The book could be a textbook in a course on the visual culture of the Jews. The interview below mainly focuses on the medieval elements in the book but the volume has much more. The novelty of the book is that includes Persian Jewish illuminations, Yiddish works, as well a solid chapter on contemporary illuminated manuscripts.  Among the contemporary artists, he naturally includes  Arthur Syzk and David Moss, but he also includes Siona Benjamin from Bombay, Archie Granot’s paper cuttings, and JT Waldman from the JPS publications. His volume concludes with a discussion of the current 21st century flourishing of the illuminated Ketubah. The contemporary chapter does not engage in the same cultural analysis offered of prior centuries.  This decade may be too close to ask about its self-representation and cosmology, but it leaves the reader to ponder what will be explainable to future generations about our images.

  1. What is unique and different about your book?

It’s the first comprehensive survey of Jewish manuscript illumination in several decades, the first to use the very highest quality digital imagery.

In terms of content, traditional surveys of what have been called “Hebrew illuminated manuscripts,” (but which also contain Yiddish and Judeo-Italian, Judeo-Arabic and Persian books) generally begin by explaining why Jews have art in spite of the infamous Second Commandment, then go on to provide a brief survey of illumination by time and country of origin, followed by a chronologically organized collection of single openings from thirty or forty manuscripts facing codicological and paleographic descriptions, descriptions of style, national characteristics of the manuscript in question, and the iconography of the particular image shown, and ending with some bibliography.

People bought such books for the beautiful illustrations (nobody, myself included when I purchase a book for a wedding, bar mizvah or host/ess gift is very much interested in enumerations of pickings, quire gatherings and blank sequences.) They were of little use for getting to know what manuscripts were, how they were created, organized, how they functioned as books, what they have to tell us about history, sociology, theology and a myriad of other topics. This book is the first to discuss these wonderful books topically and in depth, addressing questions from how one makes a manuscript to what iconography has to say theologically and polemically. It is a book that is uniquely positioned to speak both to established scholars, students, and lay people. portrait2. How did you become involved in Jewish illuminated manuscripts?

My interest in medieval art generally dates back to my earliest expeditions with my father, an artist (who had himself left behind the world of his of Slonimer and Lubavitch origins, ending up as a student of Mark Rothko and Ad Reinhardt at Brooklyn College and the Art Students’ League)  to the Cloisters in Fort Tryon Park, trips that were pilgrimages that always culminated in the wonderful room of the Unicorn Tapestries. Those tapestries—in the richness of the interplay between their “reality”— the details of the flora and fauna, the hunting paraphernalia, and the expressions of the protagonists—and the consummate irreality of the depiction of the hunt of a mythical beast; the powerful symbolism of the beast and its hunt; and the illusionistic three-dimensional, volumetric depiction of all the figures by means of the magic literally woven by warp and woof threads— intrigued and  cast a spell over me.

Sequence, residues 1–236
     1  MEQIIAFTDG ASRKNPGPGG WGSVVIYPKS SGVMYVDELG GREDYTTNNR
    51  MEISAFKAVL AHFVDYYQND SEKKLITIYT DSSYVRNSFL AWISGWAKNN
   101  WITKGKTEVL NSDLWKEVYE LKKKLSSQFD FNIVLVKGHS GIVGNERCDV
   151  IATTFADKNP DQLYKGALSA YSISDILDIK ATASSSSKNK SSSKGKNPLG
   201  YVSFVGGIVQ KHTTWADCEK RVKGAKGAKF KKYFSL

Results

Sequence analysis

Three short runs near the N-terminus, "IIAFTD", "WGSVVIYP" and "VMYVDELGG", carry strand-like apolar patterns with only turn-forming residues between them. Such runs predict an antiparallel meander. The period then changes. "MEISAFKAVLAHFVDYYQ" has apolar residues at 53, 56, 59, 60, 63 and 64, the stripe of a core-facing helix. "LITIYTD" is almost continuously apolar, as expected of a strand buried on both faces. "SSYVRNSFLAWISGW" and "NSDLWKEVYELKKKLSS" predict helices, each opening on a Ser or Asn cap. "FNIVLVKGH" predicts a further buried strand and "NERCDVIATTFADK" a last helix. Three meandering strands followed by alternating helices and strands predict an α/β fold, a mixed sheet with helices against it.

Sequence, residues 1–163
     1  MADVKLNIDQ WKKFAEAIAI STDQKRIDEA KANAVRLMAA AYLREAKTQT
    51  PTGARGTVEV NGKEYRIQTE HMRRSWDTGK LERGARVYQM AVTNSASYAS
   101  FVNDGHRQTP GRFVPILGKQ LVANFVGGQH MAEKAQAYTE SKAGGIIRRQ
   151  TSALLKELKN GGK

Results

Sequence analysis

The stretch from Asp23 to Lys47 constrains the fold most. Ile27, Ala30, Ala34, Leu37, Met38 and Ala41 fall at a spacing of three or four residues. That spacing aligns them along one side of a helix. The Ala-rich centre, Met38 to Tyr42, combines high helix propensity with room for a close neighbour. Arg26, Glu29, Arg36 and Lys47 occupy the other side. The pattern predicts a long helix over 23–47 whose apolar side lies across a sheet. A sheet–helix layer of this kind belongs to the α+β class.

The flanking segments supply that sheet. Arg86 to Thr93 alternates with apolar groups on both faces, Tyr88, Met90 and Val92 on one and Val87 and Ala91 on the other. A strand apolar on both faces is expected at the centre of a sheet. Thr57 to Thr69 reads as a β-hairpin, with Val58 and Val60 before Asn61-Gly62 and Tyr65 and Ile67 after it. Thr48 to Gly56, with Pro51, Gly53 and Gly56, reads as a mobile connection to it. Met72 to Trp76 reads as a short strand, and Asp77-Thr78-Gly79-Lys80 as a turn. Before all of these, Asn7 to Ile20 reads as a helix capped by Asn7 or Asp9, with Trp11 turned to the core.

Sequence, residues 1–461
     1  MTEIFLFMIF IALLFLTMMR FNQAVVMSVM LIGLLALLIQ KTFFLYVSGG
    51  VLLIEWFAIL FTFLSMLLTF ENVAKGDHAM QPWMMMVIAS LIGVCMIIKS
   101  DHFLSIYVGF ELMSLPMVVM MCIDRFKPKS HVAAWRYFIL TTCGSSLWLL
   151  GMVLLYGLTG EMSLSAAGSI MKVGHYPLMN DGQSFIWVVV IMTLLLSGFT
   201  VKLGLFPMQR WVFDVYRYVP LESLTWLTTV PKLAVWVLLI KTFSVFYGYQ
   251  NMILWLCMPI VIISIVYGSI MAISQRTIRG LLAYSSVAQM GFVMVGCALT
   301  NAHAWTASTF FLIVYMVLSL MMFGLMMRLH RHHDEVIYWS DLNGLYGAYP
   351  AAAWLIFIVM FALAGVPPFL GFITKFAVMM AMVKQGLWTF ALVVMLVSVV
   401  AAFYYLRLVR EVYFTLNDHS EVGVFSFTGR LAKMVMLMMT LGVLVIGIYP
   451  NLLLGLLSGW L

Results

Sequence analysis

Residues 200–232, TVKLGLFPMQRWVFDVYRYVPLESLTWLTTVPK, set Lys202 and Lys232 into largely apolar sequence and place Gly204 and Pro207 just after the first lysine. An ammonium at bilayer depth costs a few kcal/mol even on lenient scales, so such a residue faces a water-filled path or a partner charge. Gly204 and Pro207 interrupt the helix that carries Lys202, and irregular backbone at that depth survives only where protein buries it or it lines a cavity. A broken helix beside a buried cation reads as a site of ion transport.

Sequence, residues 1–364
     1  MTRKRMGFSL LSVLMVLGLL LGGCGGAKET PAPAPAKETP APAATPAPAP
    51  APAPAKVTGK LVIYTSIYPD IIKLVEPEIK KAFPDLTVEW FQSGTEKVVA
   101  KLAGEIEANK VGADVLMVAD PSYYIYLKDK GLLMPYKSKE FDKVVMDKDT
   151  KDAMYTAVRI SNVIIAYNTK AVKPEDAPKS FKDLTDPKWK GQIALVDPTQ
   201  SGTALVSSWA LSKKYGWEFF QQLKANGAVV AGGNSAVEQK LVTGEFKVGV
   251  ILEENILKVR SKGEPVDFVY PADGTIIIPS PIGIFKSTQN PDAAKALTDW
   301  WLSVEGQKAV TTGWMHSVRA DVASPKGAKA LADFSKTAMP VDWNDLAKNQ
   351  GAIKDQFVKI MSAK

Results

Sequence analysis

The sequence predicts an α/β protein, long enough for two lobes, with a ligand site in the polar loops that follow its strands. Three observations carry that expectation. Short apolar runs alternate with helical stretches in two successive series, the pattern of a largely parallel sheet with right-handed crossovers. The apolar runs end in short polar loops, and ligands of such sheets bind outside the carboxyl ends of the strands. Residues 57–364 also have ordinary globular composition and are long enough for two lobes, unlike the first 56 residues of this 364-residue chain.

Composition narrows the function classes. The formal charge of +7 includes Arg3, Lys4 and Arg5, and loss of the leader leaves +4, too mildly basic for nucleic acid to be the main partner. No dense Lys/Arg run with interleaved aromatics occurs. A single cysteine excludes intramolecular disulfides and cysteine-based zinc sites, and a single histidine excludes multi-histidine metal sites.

At Oberlin College I pursued the study of medieval art, but grew more and more discontent with its pervasively Christian contents. So in my junior year of college, I took a year in Jerusalem, to try and figure out what “my guys” were doing in the Middle Ages.

When, at the ripe old age of 17, I approached the late Professor Bezalel Narkiss at the Hebrew University regarding working on animal symbolism in medieval art made for Jews, he told me “Mr. Epstein, I have been studying Hebrew illuminated manuscripts for over 50 years, and I can assure you that no image of any animal in these works has any significance beyond the decorative.”

Stunned, I asked him “Does this mean you won’t support my research?” “On the contrary,” he intoned, “I will OPPOSE it!” And for over 30 years, until his death, he did. Ironically, having a door slammed in my face inspired me to go on and work hard to demonstrate that iconography concerning which the “last word” had been written by scholars of Narkiss’ generation still might yield interesting and compelling food for thought.

As unhelpful as Narkiss was, during my sojourn at Sothebys’—first as an intern, and later as the director of the Hebrew Books and Manuscripts division of the Judaica Department I had a colleague, Jay Weinstein, whose wisdom, experience and humor were inspirational, and under whose guidance I was able to experience and explore first-hand a wide range of manuscripts that would otherwise have been inaccessible to me.

  1. Was there a tension between the verbal culture of the Jews and their visual culture?